Those of you with a few more years under your belts may remember a series we did during the 60s and 70s called the John Harvard Library. Sadly it's sort of petered out, but in its heyday we used it to collect important documents in American history as well as the writings of significant figures from said history and place them under one rubric -- a sort of "library of America" that presaged the emergence of the excellent collections by that name that began to show up in the 80s. At the time, colonial stuff tended to make up the backbone of our series, with an old-but-still-worth-reading biography of George Washington, the collected writings of Anne Bradstreet, and Bernard Bailyn's collection of pamphlets from the American Revolution proving among the most popular entries.
But wait ... now, Lazarus-like, the John Harvard Library arises once more, in newly-commissioned and designed editions that provide to you, friend, the writings that have shaped our consciousness as a nation, complete with explanation and context from some of our smartest scholars, for a really cheap price. Such a move now seems rather in keeping with both the newfound reverence for American ideals and the grim, sober determination that characterized the new president's inaugural speech. So maybe this is our contribution to a new zeitgeist, or something.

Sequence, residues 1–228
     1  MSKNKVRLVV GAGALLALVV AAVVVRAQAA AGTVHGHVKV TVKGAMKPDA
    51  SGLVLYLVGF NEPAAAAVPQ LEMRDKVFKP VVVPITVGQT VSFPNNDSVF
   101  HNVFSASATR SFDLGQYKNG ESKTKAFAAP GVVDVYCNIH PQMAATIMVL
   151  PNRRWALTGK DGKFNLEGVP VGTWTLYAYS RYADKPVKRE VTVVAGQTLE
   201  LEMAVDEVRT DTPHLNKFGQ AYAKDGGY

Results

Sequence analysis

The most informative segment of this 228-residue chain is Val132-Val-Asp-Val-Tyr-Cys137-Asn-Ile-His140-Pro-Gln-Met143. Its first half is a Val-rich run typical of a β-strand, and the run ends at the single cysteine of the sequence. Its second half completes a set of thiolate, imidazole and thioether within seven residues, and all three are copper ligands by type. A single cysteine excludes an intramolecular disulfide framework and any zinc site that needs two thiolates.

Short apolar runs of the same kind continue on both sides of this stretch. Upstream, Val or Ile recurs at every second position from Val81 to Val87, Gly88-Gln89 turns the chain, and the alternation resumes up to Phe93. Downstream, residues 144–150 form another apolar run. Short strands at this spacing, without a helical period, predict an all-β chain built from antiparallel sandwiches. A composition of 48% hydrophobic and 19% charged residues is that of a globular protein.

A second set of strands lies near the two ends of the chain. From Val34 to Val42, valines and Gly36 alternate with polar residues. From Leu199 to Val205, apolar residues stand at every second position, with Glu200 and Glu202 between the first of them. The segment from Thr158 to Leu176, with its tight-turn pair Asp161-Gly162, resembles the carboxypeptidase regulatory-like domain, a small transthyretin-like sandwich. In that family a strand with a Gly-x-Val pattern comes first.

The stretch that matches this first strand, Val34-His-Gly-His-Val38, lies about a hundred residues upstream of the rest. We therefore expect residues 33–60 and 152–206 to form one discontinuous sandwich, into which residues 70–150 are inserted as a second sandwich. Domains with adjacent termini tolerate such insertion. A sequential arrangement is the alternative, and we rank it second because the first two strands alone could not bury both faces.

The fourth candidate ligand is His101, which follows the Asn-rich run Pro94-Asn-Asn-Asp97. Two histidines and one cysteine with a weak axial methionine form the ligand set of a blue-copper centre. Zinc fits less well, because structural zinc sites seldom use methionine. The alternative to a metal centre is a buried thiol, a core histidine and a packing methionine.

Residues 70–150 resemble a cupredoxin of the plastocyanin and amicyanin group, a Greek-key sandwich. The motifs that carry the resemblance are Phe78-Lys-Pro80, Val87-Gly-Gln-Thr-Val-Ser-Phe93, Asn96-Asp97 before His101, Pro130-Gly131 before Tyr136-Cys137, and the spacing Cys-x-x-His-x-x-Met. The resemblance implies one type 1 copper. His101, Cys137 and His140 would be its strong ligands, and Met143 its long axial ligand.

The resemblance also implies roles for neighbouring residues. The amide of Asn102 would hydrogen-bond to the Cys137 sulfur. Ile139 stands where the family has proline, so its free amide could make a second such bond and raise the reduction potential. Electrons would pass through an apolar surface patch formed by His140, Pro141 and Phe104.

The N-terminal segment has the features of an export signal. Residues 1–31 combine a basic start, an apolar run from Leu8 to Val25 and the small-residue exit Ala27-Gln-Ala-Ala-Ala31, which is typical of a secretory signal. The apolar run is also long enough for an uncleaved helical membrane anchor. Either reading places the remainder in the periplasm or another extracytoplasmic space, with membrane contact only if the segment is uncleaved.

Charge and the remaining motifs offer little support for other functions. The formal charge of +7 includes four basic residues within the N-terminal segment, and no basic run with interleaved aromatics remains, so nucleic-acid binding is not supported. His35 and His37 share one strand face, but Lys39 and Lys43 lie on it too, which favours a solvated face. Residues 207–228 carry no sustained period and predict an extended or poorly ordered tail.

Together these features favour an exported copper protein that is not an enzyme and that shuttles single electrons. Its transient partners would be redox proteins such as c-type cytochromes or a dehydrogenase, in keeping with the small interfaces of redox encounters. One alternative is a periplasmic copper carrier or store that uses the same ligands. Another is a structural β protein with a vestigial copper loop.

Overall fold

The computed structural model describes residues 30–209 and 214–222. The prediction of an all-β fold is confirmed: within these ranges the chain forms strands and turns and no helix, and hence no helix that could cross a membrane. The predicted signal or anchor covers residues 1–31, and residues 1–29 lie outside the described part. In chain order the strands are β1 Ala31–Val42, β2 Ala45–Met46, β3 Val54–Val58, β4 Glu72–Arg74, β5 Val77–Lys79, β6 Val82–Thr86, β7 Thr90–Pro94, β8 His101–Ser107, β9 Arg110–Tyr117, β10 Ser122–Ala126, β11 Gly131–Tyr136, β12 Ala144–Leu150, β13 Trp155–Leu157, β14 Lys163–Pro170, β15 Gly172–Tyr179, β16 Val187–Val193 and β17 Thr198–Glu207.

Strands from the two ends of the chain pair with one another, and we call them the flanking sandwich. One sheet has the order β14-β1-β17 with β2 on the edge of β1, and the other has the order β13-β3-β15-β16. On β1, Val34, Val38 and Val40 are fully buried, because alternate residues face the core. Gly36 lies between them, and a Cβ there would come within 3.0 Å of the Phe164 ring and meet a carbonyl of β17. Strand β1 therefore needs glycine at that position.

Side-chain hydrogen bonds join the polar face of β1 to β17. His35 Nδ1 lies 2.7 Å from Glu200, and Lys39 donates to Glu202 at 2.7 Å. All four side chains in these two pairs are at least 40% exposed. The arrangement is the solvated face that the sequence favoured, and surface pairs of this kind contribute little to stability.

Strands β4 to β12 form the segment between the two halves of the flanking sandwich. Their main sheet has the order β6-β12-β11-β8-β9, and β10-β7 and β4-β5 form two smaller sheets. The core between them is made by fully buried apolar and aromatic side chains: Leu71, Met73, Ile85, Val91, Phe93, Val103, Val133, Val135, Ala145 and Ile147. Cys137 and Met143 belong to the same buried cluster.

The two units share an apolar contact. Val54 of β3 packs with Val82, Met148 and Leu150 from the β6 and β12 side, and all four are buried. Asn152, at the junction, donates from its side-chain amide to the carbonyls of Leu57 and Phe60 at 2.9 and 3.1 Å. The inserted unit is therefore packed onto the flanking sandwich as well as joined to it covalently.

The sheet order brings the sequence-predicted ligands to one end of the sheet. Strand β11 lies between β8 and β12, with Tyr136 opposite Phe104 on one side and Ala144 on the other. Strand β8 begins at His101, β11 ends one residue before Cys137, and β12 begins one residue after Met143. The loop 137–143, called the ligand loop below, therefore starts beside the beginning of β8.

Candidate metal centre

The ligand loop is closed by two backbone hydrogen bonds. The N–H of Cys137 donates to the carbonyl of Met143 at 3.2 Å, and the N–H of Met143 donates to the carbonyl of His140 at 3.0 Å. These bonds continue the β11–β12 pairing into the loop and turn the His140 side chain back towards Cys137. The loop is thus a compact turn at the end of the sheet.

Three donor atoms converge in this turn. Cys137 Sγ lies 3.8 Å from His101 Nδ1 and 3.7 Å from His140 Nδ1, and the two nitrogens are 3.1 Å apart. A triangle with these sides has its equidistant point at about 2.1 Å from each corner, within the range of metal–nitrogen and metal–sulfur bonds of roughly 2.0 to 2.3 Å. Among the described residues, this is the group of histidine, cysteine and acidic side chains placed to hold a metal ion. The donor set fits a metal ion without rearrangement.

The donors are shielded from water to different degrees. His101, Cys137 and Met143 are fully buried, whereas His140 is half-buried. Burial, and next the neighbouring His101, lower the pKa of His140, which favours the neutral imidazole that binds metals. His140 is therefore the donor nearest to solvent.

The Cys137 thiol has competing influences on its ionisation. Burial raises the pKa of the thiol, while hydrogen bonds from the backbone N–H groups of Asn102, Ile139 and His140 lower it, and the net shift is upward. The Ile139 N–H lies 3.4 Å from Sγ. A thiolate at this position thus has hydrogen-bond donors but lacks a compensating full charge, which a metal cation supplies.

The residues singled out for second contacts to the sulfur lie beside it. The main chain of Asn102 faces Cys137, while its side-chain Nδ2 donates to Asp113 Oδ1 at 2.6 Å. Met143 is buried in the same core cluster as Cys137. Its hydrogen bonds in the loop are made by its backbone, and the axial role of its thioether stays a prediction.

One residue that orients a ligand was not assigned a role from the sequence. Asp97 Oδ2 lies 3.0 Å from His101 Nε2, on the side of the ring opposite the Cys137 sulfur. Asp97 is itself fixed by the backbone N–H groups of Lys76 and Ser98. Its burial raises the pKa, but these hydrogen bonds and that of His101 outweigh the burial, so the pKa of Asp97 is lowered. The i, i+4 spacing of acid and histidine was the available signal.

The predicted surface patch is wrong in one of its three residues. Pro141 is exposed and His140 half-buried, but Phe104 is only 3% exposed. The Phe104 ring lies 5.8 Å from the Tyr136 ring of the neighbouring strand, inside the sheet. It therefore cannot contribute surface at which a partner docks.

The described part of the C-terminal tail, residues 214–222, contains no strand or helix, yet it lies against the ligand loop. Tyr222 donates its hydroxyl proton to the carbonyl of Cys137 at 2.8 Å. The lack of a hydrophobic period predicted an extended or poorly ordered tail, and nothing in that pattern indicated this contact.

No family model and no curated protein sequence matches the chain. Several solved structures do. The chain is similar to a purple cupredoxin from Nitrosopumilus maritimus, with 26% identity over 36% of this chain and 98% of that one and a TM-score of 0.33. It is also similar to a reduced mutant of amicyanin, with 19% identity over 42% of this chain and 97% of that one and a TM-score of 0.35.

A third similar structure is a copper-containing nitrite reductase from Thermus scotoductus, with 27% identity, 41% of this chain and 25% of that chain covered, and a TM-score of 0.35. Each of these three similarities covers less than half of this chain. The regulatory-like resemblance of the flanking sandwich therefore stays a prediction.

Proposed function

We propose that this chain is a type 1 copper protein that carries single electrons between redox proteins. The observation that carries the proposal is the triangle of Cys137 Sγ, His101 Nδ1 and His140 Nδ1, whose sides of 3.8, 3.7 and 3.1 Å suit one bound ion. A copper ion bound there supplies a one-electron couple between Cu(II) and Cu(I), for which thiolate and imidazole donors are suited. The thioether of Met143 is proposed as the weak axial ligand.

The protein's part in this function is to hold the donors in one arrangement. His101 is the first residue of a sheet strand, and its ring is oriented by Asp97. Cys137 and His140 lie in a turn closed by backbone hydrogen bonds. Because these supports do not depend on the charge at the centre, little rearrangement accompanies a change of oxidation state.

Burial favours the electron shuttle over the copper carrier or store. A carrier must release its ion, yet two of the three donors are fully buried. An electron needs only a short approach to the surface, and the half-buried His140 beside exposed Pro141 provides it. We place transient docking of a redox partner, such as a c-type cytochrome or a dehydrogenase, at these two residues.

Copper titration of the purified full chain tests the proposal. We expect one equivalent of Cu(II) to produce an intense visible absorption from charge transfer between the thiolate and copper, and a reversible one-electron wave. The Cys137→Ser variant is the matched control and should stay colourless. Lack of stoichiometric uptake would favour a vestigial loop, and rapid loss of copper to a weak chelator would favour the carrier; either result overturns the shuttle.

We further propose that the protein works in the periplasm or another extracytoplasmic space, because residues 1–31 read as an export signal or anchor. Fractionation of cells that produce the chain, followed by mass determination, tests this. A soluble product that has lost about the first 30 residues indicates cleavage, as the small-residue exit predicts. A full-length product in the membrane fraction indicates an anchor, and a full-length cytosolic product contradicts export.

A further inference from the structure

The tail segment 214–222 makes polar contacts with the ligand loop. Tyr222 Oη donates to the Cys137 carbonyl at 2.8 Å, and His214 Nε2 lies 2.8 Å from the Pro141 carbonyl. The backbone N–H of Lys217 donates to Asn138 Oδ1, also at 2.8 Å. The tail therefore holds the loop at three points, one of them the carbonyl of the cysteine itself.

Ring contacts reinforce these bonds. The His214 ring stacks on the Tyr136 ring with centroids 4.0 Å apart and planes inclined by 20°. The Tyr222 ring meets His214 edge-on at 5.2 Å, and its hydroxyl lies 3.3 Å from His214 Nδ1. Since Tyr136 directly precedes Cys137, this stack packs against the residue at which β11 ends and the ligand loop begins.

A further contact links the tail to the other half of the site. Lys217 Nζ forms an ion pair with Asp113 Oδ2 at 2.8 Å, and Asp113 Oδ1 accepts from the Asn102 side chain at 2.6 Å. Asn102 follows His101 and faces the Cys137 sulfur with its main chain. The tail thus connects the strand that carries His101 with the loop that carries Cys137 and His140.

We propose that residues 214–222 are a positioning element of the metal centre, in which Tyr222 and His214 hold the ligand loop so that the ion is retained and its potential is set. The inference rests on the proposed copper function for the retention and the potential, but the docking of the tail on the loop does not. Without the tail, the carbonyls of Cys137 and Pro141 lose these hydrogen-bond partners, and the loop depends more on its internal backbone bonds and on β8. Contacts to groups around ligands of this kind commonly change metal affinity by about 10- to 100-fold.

Unlike previous incarnations, the new editions in the JHL will have a uniform look, with cover illustrations courtesy of artist Robert Carter. Below is an example; the rest follow after the break.
Introduction by Robert B. Stepto